Theodos says he’s not familiar with Charlotte’s Renaissance West Community Initiative. But Carol Naughton, CEO of Purpose Built Communities, is.
“I think they’ve got some really extraordinary leaders involved and people whose hearts are in the right place,” she said of Renaissance West. “And I think they’re struggling sometimes with their public-sector partners.”
Tom Cousins and investor Warren Buffet created Purpose Built in 2009 to take the East Lake model nationwide. Renaissance West is one of 27 communities currently in the network.
The Purpose Built conference room in East Lake is literally wallpapered with huge red-lining maps of Atlanta. They illustrate the racist lending practices that helped create poverty and decline in neighborhoods like East Lake.
“Look, there’s a lot of stuff that the various political systems and commercial systems and individuals did that made life harder for Black and brown people for a long time,” Naughton said. “And our work is unwinding this and creating new systems that are based on equity and opportunity.”
Naughton says Charlotte is in the middle of the pack when compared with the other Purpose Built communities.
East Lake boosters are proud to point to a Publix grocery store in their neighborhood. In the West Boulevard corridor that includes Renaissance West, community leaders are trying to launch a local food co-op after many failed attempts to recruit a grocery store chain. Development and gentrification are booming in many surrounding sections of Charlotte, but they haven’t reached Renaissance West.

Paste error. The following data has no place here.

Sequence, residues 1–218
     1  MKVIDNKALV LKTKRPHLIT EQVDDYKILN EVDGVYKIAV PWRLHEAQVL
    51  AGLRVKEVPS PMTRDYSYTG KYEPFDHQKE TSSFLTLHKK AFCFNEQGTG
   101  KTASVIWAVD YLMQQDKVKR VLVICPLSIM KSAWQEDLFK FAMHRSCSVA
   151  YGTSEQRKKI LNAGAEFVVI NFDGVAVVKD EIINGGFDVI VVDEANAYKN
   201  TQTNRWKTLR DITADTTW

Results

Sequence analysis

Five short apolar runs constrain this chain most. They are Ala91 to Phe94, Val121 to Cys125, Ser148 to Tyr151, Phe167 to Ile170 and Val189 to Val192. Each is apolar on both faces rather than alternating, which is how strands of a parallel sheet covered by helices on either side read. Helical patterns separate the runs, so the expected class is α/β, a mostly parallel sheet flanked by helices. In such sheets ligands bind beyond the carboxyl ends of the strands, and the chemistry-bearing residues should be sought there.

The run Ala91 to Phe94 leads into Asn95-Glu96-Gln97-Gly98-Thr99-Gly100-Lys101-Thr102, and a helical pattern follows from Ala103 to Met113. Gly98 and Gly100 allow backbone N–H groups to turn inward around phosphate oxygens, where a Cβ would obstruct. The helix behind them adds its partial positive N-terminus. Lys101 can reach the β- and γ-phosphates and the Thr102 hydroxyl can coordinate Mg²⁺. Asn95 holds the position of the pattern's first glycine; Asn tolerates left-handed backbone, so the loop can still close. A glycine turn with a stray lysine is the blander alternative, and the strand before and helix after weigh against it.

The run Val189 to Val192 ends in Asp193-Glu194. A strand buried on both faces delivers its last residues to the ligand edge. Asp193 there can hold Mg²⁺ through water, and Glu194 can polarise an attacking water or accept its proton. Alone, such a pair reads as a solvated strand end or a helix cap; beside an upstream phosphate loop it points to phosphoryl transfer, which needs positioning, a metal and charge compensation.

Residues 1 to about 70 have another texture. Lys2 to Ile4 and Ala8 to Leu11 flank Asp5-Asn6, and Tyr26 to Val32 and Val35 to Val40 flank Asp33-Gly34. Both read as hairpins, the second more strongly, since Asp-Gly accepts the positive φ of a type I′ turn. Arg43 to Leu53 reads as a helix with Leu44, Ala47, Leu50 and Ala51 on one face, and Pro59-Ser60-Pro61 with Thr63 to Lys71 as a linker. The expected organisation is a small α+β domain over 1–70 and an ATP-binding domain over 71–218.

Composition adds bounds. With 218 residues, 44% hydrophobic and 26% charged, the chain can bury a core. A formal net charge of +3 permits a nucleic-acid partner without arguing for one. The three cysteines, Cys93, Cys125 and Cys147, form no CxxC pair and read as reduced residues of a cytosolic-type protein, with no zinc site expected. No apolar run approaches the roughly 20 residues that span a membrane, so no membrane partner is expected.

As for Renaissance West STEAM Academy, the pre-K-8 school that’s at the heart of the community, “it’s not where it needs to be yet,” Naughton said. “And the surprise would be if it was at this stage in the game.”
The school was created in partnership with Charlotte-Mecklenburg Schools. It’s about to begin its seventh school year. In most communities, Naughton says, churn in public leadership is a challenge. That can come through new mayors being elected with a new vision. Or, because Renaissance West didn’t go the charter school route, it can mean changes in the school district.
“Charlotte-Mecklenburg school system has been through a series of superintendents, right? And when that happens, that’s destabilizing to the whole ecosystem of partners that are, you know, really part of the school-based, school-centered community revitalization,” she said.
Indeed, CMS has had seven superintendents since the school board approved the Renaissance West partnership in 2009. Earlier this year, shortly after Crystal Hill stepped into the job, she blindsided the Renaissance West team with a public announcement of a major change. As the school year begins, Hill and the Renaissance West team are just getting to know each other.
This story was produced with support from the Charlotte Journalism Collaborative. WFAE is part of the Charlotte Journalism Collaborative (CJC), launched by the Solutions Journalism Network with funding from the Knight Foundation. The CJC strengthens the local news ecosystem and increases opportunities for engagement. It is supported by a combination of local and national grants and sponsorships. For more information, visit charlottejournalism.org.